25.  Anthonypillai Sherin Siththiranjan - Media worker/ 05 November

26. Vadivel Nimalarajah - Media worker/ 17 November

27. Isaivizhi Chempian (Subhajini) - Media worker/ 27 November

28. Suresh Limbiyo - Media worker/ 27 November

29. T. Tharmalingam - Media worker/ 27 November


30. Paranirupesingham Devakumar - Journalist / 28 May

31. Rashmi Mohamad - Journalist / 06 October


32. Lasanntha Wickrematunge - Editor / 08 January

33. Punniyamurthy Sathyamurthy - Journalist / 12 February

34. Sasi Mathan - Media worker/ 06 March

Detainees or Internally Displaced Persons?

By R. Wijewardene 

UNP MP M.M. Naushad urges the government to come clean and formulate a comprehensive rehabilitation plan for all the north’s people.

Speaking on the subject of the Muslims evicted from their homes in Jaffna by the LTTE in 1990 the MP Naushad urged the government to devise a resettlement plan for all the civilians displaced by the conflict.  

Naushad urged the government to accept and state openly that the 300,000 people held in the Vavuniya refugee camps were not IDPs but in fact detainees as they did not have the right to freedom of movement and were being held on account of government fears that they are LTTE sympathizers.

“They should have the freedom to move when they wish. They should have the freedom to go home. But, they are not having that freedom. Therefore, they are detainees and the government must be bold enough to say, yes, these 300,000 people we are holding in these camps are detainees who need rehabilitation and we are rehabilitating them,” he said.

The MP argued that the genuine IDPs were not the 300,000 held in the camp but the 300, 000 additional civilians who had fled the north for other parts of the country over the last 20 year of the conflict. This number includes the Muslims evicted by the LTTE and the Tamils who, as a result of the conflict, fled the area and chose to settle in Colombo.    

In his speech Naushad suggested that a resettlement plan be drawn up for all these people and that a survey be conducted of all those people who had been displaced from the north  which makes clear whether these individuals / families wish to return to the north and what land holdings in the area they claim. “When the IDPs have the freedom to go back, how do you assure that they would get back the places where they originally lived?  What is the plan you have to do this?”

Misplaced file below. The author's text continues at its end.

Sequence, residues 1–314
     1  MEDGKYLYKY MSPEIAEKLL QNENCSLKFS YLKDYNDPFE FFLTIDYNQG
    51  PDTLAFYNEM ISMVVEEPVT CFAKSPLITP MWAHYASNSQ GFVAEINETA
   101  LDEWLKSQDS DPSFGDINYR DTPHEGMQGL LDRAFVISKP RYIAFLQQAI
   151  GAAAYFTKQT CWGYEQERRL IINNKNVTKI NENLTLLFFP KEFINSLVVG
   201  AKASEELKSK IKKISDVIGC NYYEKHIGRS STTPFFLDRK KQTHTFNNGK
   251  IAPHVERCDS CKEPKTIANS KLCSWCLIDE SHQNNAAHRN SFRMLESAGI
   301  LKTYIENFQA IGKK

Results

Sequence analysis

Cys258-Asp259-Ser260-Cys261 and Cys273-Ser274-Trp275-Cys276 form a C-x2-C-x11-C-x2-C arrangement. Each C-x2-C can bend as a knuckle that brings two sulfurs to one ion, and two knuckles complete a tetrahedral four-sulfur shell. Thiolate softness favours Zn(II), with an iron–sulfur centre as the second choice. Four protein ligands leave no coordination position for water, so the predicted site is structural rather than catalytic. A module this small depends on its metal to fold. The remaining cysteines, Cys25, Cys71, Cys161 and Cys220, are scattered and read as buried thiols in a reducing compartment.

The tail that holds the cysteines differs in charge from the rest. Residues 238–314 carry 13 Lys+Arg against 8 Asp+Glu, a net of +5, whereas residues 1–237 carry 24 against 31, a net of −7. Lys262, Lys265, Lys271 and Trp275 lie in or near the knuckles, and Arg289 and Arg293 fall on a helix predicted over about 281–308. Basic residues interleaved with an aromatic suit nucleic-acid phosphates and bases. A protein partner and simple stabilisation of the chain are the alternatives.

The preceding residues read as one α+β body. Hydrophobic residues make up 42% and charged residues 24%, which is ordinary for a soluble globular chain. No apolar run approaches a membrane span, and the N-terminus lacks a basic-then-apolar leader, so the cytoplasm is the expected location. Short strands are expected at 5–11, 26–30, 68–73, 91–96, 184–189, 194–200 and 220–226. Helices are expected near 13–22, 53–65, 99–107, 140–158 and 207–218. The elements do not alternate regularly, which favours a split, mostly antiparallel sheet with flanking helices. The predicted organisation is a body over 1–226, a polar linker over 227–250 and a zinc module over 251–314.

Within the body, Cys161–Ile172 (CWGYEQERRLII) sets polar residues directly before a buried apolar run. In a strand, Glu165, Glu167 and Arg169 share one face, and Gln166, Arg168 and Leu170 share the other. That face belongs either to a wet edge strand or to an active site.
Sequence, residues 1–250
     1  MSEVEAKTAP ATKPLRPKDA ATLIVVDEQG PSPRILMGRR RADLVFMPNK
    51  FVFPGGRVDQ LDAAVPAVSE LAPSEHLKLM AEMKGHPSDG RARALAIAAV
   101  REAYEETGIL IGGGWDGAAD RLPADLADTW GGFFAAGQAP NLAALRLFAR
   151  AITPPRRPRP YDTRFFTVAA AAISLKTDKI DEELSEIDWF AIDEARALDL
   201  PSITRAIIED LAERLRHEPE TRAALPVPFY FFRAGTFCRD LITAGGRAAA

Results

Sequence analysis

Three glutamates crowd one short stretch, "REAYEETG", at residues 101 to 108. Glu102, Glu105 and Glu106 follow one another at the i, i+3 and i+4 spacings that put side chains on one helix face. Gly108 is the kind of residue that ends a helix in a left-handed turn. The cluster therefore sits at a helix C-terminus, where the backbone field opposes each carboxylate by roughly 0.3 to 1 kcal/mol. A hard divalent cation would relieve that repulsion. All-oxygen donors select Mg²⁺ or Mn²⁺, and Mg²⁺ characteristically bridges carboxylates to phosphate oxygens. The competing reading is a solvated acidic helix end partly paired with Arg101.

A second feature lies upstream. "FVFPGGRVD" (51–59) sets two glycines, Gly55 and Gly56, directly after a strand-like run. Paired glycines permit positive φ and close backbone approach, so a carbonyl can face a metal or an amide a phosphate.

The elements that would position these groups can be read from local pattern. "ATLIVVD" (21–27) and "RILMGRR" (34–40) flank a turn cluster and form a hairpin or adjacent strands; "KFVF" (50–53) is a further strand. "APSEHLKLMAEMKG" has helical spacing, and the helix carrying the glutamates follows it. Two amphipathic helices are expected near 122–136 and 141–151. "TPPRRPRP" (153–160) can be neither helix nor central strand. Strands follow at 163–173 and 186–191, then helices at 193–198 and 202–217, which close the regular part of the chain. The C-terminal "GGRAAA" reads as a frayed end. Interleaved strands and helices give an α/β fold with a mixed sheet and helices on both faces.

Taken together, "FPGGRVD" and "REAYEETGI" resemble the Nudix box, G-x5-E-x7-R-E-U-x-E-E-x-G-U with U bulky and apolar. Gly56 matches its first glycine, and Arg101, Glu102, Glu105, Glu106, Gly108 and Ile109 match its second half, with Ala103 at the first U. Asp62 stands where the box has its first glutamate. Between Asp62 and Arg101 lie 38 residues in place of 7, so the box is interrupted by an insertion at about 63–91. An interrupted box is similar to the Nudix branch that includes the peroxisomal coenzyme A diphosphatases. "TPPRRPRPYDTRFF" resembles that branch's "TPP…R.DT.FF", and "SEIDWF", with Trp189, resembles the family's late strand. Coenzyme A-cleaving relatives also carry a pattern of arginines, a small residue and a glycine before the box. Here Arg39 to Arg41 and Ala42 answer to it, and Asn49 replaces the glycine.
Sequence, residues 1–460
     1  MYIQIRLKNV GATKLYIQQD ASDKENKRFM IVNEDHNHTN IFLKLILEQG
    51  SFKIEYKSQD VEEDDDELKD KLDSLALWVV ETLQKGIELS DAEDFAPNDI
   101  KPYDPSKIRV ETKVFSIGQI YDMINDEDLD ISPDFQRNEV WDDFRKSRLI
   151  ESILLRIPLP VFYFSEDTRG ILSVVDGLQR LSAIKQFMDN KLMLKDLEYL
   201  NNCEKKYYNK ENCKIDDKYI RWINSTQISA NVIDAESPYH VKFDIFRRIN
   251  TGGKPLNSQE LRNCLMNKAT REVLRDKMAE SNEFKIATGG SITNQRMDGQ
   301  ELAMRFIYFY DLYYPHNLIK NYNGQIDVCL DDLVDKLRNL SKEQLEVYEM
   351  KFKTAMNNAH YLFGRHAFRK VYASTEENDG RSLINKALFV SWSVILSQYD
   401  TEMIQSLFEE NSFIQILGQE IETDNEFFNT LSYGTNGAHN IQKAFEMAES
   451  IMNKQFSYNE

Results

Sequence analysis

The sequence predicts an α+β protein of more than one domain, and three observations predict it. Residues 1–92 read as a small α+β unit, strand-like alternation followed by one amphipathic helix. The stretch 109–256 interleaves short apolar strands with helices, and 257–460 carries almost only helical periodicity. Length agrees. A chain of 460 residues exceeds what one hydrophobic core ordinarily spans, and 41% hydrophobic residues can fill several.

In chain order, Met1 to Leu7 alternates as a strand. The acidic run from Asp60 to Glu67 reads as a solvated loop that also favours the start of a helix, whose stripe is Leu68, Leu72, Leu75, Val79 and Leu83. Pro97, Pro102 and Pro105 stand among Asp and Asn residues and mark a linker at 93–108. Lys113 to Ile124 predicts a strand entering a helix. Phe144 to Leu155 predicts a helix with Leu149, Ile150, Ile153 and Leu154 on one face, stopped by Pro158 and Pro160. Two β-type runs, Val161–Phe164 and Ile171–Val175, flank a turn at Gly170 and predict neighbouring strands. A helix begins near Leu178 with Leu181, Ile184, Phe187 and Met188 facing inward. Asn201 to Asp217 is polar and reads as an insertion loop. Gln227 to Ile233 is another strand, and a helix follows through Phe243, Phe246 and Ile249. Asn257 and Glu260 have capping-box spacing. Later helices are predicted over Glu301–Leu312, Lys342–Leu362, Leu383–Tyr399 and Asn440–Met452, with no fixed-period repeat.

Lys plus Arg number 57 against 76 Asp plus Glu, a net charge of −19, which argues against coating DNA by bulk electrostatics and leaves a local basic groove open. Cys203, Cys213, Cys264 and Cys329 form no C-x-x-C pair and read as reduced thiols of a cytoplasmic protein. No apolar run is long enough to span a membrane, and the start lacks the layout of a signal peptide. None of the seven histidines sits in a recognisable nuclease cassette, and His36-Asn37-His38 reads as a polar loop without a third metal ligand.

He stressed that the people now in camps had the ability to care for themselves; “they do not want your food. They want freedom. They want the ability to move out and live with their own people. I would say the northern people are people who can fend for themselves. They have proved it throughout history. We have known them as the most hardworking people that this country has ever had.”

And the MP insisted that any resettlement plan should respect the original demographic composition of the areas. “If we had Muslim majority areas, in the resettlement process you must ensure that it remains a Muslim majority area.  If it was a Catholic area, it should be the same because otherwise you start the conflict all over again.”

Naushad also urged that freedom of movement be restored to the north as swiftly as possible. “The Puttalam-Mannar Road, which makes it a very short journey to Mannar from Puttalam, needs to be re-opened. If that road is re-opened, you will find people will start moving even without your assistance.”

He attacked the government for its lack of a coherent plan on the resettlement issue.

“We need to know how these things are going to happen,” and insisted that the problem has to be looked at holistically, with the people being allowed to be part of the solution through their own hard work.  “If you say ‘we will first do this and then take these people,’ then you are going to create problems. But if you take the two in parallel we can ensure that the ‘Wasantham’ we are talking about will come to the north very soon,” he said.

CMA on ‘confusion’